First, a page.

As discussed by Drake et al. (Nov-Dec 2000, p. 46), the Scott River drops to a very low level in the fall, going completely dry in some drought years. The situation is not only a risk to anadromous fish, but is a broader threat to all aquatic life and recreation.
However, to model stream discharge in a large basin such as the Scott, which has substantial geographic and elevation differences in the amount and types of precipitation, multiple precipitation variables should be used. The authors focus exclusively on snow data from two courses and conclude, “Fall flows have trended lower because of a downward trend in water content of snow.” A more accurate approach would be to use all seven snow courses as well as precipitation data in the Scott River basin. Furthermore, I have made measurements at the two snow courses cited for the last 15 years and have observed a technical problem: the surrounding forest vegetation is rapidly encroaching, apparently diminishing the effective catch. At the same time, the authors mention that the water content at two different courses is not declining, but offer no explanation for not including this data in the analysis.
Irrigation — through surface diversions and wells — uses a large volume of water each summer. After the previous winter's precipitation and snow have completely run off by mid-June, flow in the Scott is sustained by base flow from groundwater. This water is used to irrigate about 40,000 acres of alfalfa and pasture. The amount is much greater than the flow in the river in the July-September period.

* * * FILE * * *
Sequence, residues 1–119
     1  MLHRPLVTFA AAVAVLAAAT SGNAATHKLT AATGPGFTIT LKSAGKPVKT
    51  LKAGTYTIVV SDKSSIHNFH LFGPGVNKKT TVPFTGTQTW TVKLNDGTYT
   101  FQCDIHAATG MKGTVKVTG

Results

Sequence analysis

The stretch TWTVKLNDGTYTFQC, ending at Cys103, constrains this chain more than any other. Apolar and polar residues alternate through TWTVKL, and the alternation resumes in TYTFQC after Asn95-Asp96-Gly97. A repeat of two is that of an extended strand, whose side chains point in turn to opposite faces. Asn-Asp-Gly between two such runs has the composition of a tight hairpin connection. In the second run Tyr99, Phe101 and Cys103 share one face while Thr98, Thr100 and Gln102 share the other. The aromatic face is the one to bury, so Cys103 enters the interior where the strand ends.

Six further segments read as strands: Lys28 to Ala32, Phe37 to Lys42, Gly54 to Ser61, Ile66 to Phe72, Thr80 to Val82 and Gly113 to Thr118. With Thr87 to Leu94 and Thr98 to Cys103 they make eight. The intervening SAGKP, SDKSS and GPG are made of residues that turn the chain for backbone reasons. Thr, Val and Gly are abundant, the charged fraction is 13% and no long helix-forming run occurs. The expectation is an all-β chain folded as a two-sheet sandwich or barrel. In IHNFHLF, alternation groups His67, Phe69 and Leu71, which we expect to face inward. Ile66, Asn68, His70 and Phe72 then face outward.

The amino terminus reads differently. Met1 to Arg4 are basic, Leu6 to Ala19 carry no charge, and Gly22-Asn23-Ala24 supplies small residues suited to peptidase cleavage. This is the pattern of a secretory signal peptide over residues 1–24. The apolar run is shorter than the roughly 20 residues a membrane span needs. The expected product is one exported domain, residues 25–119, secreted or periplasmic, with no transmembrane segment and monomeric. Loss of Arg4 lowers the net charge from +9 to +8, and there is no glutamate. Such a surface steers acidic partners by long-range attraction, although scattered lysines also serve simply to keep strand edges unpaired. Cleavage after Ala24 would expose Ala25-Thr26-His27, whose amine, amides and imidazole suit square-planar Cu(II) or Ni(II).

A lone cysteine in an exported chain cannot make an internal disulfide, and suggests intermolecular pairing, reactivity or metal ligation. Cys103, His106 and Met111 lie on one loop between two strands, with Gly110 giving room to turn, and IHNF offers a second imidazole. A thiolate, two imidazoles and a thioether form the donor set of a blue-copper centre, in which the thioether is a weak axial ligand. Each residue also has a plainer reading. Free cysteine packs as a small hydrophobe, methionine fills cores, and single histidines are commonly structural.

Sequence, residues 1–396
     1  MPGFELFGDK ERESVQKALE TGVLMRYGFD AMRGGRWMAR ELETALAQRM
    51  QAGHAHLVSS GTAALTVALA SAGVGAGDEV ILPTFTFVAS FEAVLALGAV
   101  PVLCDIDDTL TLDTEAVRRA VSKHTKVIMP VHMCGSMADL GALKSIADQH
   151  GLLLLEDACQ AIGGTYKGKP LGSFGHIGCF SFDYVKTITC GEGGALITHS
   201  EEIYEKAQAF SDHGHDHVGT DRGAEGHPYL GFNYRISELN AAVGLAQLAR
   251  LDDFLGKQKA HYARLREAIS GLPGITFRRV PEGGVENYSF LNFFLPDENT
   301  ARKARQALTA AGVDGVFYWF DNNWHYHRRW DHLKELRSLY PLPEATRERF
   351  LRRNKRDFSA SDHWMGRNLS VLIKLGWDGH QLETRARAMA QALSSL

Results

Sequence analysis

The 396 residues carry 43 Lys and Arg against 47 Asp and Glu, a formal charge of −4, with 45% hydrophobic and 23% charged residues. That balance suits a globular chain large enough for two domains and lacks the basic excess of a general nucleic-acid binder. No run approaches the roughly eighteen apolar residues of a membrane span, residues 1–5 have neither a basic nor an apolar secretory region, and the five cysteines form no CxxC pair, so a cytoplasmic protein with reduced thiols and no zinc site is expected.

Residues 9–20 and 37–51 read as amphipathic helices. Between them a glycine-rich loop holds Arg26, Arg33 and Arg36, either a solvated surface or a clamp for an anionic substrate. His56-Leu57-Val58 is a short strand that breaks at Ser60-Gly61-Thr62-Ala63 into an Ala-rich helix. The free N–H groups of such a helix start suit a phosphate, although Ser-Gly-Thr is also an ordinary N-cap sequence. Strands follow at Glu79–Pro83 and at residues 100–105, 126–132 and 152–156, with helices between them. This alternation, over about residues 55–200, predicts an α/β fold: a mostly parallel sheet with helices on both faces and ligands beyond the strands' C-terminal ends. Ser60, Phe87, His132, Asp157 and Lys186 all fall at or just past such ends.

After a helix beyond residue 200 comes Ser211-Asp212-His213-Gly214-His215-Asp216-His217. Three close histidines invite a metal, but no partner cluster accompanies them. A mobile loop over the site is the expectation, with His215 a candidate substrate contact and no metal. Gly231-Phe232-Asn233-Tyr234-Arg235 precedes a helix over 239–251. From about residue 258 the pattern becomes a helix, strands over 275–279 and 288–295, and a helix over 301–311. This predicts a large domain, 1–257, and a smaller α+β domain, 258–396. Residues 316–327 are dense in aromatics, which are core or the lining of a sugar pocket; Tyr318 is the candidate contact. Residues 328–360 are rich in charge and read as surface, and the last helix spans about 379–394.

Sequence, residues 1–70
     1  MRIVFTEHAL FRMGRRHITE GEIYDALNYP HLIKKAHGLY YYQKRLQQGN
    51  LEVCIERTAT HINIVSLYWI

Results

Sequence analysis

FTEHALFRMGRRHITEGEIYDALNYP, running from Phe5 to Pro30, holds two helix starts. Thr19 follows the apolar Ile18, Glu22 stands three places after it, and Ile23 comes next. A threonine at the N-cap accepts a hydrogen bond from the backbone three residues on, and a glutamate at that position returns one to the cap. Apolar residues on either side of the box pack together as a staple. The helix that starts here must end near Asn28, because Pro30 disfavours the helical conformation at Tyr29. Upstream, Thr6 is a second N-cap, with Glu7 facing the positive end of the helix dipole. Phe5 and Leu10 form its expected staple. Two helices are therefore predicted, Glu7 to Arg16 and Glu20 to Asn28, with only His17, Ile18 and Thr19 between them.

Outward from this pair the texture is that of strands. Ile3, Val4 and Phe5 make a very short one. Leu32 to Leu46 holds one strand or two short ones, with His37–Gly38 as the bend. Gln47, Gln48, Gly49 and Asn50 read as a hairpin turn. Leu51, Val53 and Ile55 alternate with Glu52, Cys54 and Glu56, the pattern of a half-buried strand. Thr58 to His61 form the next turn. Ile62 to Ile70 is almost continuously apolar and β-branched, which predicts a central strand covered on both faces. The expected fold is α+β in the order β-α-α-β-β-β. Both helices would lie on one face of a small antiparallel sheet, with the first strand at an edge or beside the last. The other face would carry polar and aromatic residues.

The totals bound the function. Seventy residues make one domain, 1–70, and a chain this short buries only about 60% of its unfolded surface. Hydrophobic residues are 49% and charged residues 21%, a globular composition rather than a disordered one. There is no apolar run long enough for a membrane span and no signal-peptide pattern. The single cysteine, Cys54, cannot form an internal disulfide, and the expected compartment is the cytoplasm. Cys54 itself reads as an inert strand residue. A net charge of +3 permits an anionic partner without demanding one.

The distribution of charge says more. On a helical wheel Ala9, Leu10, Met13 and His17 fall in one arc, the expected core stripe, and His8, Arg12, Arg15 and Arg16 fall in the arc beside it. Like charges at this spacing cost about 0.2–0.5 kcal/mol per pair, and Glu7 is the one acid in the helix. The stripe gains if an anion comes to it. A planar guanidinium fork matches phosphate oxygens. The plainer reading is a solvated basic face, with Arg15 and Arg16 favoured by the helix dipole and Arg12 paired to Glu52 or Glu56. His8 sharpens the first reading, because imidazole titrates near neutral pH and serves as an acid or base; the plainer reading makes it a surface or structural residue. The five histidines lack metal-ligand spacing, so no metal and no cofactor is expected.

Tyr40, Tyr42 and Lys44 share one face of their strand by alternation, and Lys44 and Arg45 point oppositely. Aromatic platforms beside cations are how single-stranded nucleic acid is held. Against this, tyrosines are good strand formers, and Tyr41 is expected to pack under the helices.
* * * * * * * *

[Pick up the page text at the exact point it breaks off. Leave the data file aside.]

To assist managers with the late-season low-flow problem in the Scott River, it will be neces-
Snowpacks above the Scott River are declining, affecting the river's flow.
Jay H. Power, District Hydrologist Scott River Ranger District Klamath National Forest
The authors, Daniel J. Drake, Kenneth W. Tate and Harry Carlson, respond:
We agree that a model based upon a broad and accurate set of data would help managers to understand the late-season flow problem in the Scott River. Such a broad model would logically include geographically referenced vegetation maps, water demand estimates, detailed surface and subsurface hydrology, stream geomorphology and precipitation inputs. Unfortunately, much of this basic input data is simply not available. As suggested by Mr. Power, we did analyze all available weather-related variables in the development of our multivariate model but in the end included only those significantly correlated to flow. Including additional weather variables, which did not correlate well to flow, would have yielded a nonvalid statistical model and would have produced little or no understanding of the possible cause-and-effect relationships. We were pleased to be able to account for the majority of flow variation with a few logically selected weather parameters.
Snowfall is an important predictor of fall flows, and every effort should be made to assure that public records, such as snow measurements, are recorded and maintained accurately, without bias. Evaluation of canopy changes is a logical extension of this work and might explain the decreasing snowpack, and the lower flows.